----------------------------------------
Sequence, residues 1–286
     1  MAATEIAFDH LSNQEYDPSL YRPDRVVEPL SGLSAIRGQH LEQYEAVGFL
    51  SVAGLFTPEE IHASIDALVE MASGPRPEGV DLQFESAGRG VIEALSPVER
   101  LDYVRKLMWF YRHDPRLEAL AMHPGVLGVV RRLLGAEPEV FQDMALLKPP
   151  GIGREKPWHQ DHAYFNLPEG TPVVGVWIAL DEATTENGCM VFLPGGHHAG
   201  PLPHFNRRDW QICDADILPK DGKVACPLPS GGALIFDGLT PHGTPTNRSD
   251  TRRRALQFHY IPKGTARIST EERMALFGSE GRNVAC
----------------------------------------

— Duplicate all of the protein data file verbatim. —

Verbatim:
Sequence, residues 1–286
     1  MAATEIAFDH LSNQEYDPSL YRPDRVVEPL SGLSAIRGQH LEQYEAVGFL
    51  SVAGLFTPEE IHASIDALVE MASGPRPEGV DLQFESAGRG VIEALSPVER
   101  LDYVRKLMWF YRHDPRLEAL AMHPGVLGVV RRLLGAEPEV FQDMALLKPP
   151  GIGREKPWHQ DHAYFNLPEG TPVVGVWIAL DEATTENGCM VFLPGGHHAG
   201  PLPHFNRRDW QICDADILPK DGKVACPLPS GGALIFDGLT PHGTPTNRSD
   251  TRRRALQFHY IPKGTARIST EERMALFGSE GRNVAC